Last month, ACTI Rains Research Assistant Emily Rawson sat down to chat with Dr. Brad Stone, Professor of Philosophy and co-director of the 2016 Bellarmine Forum, about SLOW time and contemplation at a Jesuit university. See our companion post for Emily’s exploration and photos of SLOW spaces around campus.
This interview has been lightly edited for brevity and clarity.
ACTI: What would you define as the Catholic intellectual tradition?
BS: I jokingly would say, let’s talk about what it’s not. I think a lot of people hear “Catholic intellectual tradition” and they automatically assume we are talking about medieval European kinds of things. In the twenty-first-century world, where the majority of Catholics are in the southern hemisphere, the phrase “Catholic intellectual tradition” is going to have to take on a new meaning. For me, the Catholic intellectual tradition means the way in which discernment can take place from the point of view of the globe as a totality, under a kind of Christian process. So my answer is to challenge the claim of Catholic intellectual tradition, because it usually means something like the dominance of European philosophy and theology. For me, it can’t be that. The Catholic intellectual tradition is one that recognizes the ways in which Christian thought occurs globally.
The Bellarmine Forum’s theme this year is the value of time. We live in a society that is defined by speed; we will lose things that aren’t quick. So the key Catholic intellectual tradition component is discernment. We have to actually take time to discern: be that God’s will for our life, or be that the truths of ultimate reality. In today’s world of speed, that kind of thinking is too slow. You can see this, for example, in the presidential debates, where everyone’s answer will be two minutes even though we’re talking about nuclear war. How do you get nuclear war in two minutes? Or the idea that everything should be “tweet-able,” when there are just certain things in the universe that require more than 140 characters to express. So the Catholic intellectual tradition is a tradition that realizes that certain questions will take time to answer. That will require us to slow down, to truly contemplate them, to leave meditation time open, unfilled. We don’t have enough time in a culture of speed to go deep. What we want to do is go deeper. And to go deeper requires us to slow down.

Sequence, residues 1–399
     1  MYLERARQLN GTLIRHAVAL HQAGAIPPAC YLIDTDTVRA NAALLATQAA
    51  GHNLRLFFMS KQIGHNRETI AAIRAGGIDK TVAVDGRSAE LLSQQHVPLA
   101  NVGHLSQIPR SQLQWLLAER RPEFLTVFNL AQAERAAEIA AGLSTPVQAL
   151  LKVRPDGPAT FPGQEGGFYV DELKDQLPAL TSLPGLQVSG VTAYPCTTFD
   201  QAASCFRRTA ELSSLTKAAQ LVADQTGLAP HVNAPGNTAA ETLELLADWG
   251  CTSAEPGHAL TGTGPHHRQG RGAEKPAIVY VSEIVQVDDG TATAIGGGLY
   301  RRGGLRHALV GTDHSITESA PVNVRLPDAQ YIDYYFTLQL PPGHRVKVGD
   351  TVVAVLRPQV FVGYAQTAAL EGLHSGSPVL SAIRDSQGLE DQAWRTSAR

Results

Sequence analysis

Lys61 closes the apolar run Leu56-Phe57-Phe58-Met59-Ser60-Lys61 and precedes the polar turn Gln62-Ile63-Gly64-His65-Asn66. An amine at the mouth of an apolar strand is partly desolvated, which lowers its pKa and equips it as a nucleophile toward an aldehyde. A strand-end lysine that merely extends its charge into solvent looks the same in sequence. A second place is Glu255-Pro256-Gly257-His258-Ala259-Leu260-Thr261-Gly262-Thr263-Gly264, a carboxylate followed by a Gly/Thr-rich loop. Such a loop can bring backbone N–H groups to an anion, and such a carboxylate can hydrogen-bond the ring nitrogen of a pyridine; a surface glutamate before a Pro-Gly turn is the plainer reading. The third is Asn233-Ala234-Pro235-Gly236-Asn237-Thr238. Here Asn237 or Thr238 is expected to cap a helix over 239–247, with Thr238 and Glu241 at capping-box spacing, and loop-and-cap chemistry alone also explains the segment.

One obvious connection between the Catholic intellectual tradition and the Bellarmine Forum is the idea that in slowing down, we can tend to the things that are most valuable to us. To contemplate the nature of God really requires a lot of time, and the Jesuits know that—hence the retreat, the examen, as ways to really take the time to think through these things. The kinds of questions that the Catholic intellectual tradition has deemed important, perennial, philosophical questions aren’t meant to be answered quickly. It fights against a culture that wants instant answers. In the case of the Catholic intellectual tradition and philosophy more generally, you run into the problem of neither of those criteria being satisfied, insofar as you’re not getting answers that you will never have to think about anymore, and the answers you get are not instant. The Catholic intellectual tradition demands that we take the time to learn millennia of material, and then take that material and apply what is relevant and get rid of what isn’t relevant to today’s world. That’s something you can’t do in one sitting, something you can’t do in five seconds.